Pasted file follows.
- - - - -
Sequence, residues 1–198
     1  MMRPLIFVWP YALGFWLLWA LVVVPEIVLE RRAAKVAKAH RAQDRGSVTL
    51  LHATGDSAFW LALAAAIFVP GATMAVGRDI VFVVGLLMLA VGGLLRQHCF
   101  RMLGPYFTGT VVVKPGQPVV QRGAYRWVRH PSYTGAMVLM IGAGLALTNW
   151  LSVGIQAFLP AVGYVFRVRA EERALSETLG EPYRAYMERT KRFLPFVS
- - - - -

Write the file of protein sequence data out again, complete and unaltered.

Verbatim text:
Sequence, residues 1–198
     1  MMRPLIFVWP YALGFWLLWA LVVVPEIVLE RRAAKVAKAH RAQDRGSVTL
    51  LHATGDSAFW LALAAAIFVP GATMAVGRDI VFVVGLLMLA VGGLLRQHCF
   101  RMLGPYFTGT VVVKPGQPVV QRGAYRWVRH PSYTGAMVLM IGAGLALTNW
   151  LSVGIQAFLP AVGYVFRVRA EERALSETLG EPYRAYMERT KRFLPFVS